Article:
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Fujitsu LifeBook LH530 review: Fujitsu LifeBook LH530

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While mostly a deep shiny speckled black (or red, depending on your choice), upon opening the LifeBook LH530 you're treated to a combination of gloss and matte black, the subtle curves giving a regal appearance to an otherwise plain laptop.

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7.5

Fujitsu LifeBook LH530

The Good

Decent battery life.

The Bad

Tiny touch padLimited portsHopeless speakers.

The Bottom Line

The LH530 is one step up from entry level — it's a capable laptop that Fujitsu has cut some corners on to keep costs down. If your needs aren't that great, you could do much worse than having one of these; but if you want greater flexibility, you're going to have to spend a bit more.

Just like the SH530, the keys on the keyboard are closer together than your typical island style found on most laptops these days, although it does have a step down on the left and right of each key to help you find where you are by touch.

Fujitsu still sadly carries on its tiny touch-pad tradition here, making it feel cramped and inflexible compared to the competition. There are status lights down the bottom left, and a power button at the top right, but apart from the obligatory stickers telling you what's inside, the LH530 is decidedly plain, with no dedicated media or shortcut buttons. This seems to be a trend — they seem to be either gone entirely, or at the very most moved to become function keys — only the large desktop replacements have a dedicated row.

The 14.1-inch, 1366x768 glossy screen looks fine enough; however, as is far too common with laptops, the speakers let the team down — the LH530 struggles to achieve decent volume, clarity or anything resembling quality. We'd advise you to bring your own speakers or headphones if you intend to listen to music, these speakers are merely functional at best.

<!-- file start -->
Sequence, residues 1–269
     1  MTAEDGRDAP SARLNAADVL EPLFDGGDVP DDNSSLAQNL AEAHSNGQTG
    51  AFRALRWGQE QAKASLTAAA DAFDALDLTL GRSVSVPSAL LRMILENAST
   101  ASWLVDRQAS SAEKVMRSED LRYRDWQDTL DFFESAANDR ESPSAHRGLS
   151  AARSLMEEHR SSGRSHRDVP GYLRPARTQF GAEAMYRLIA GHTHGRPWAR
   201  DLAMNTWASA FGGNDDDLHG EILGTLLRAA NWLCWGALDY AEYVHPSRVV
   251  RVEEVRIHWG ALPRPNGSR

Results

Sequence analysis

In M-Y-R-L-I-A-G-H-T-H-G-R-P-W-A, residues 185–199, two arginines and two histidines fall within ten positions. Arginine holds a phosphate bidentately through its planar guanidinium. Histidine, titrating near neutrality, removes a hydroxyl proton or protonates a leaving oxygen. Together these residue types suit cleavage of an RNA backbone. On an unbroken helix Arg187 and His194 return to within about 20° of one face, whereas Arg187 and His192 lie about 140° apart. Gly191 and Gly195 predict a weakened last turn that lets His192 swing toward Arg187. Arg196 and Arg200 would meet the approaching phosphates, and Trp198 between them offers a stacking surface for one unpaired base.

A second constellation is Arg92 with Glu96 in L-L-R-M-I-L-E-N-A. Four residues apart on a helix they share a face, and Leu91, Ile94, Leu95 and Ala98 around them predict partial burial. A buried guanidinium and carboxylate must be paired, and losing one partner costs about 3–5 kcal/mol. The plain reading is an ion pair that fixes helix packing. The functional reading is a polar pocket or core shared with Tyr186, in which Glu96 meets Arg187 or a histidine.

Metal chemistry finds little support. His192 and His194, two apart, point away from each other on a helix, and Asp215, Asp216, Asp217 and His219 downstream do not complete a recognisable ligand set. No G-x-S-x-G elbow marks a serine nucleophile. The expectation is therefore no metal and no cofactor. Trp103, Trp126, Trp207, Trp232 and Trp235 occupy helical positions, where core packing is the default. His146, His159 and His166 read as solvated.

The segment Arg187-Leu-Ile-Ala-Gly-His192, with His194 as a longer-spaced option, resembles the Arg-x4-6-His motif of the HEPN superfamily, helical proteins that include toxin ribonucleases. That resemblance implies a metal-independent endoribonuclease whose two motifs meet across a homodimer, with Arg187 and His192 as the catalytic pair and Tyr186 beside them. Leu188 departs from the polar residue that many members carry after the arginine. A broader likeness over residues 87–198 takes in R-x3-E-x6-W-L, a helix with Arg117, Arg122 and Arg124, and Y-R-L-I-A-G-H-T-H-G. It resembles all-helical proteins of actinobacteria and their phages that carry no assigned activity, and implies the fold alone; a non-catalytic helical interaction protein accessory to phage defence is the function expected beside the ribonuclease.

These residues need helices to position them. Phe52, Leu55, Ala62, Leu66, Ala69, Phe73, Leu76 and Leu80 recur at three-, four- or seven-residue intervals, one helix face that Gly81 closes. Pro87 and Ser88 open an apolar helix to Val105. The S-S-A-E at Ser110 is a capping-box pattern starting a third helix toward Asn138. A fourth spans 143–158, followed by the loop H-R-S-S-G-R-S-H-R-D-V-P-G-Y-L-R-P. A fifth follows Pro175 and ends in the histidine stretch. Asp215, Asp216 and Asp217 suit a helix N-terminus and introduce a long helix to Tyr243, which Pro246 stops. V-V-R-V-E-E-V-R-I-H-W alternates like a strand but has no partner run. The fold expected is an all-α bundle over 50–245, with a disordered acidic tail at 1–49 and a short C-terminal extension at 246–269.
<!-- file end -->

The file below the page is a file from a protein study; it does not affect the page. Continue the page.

Around the outside most ports are a little limited — the most notable omission being HDMI. Three USB ports are present, but integrated eSATA is not, there's no ExpressCard slot and the Ethernet port is only 100Mb. You still get VGA out, headphone and microphone jacks and a DVD+-RW, but somehow it feels the SH530 got the raw end of the deal.

Then again, it is a budget laptop — inside it's powered by a Core i3 processor clocked at 2.13GHz, it has 2GB RAM, a 320GB HDD, and its graphics are powered by ATI's Mobility Radeon HD 5430. While it does have Bluetooth, its wireless is limited to 2.4GHz 802.11n — 5GHz is not supported here.

Running off Windows 7 Home Premium 64-bit, Fujitsu has bundled the ever-present Microsoft Office trial with the LH530, but also thrown in CyberLink PowerDVD 8, CyberLink YouCam, Roxio Creator LJ and Windows Live Essentials, keeping the laptop reasonably light compared to its competitors — always a good thing.

Performance

Entry-level graphics have come a long way, with the Radeon HD 5430 spitting out a score of 3489 in 3DMark06. This isn't blazingly fast, but it should handle some older games, such as Left 4 Dead quite well.

The PCMark05 score of 5358 bodes well for office tasks and productivity as well, although if things got too hectic you'd be limited by the lack of RAM in the machine.

All of this lead to a passable battery life of two hours, 55 minutes. This is a particularly harsh test — all power-saving features are turned off, screen brightness and volume are set to maximum, and an XviD movie is played back at full screen.

The LH530 is one step up from entry level — it's a capable laptop that Fujitsu has cut some corners on to keep costs down. If your needs aren't that great, you could do much worse than having one of these; but if you want greater flexibility, you're going to have to spend a bit more.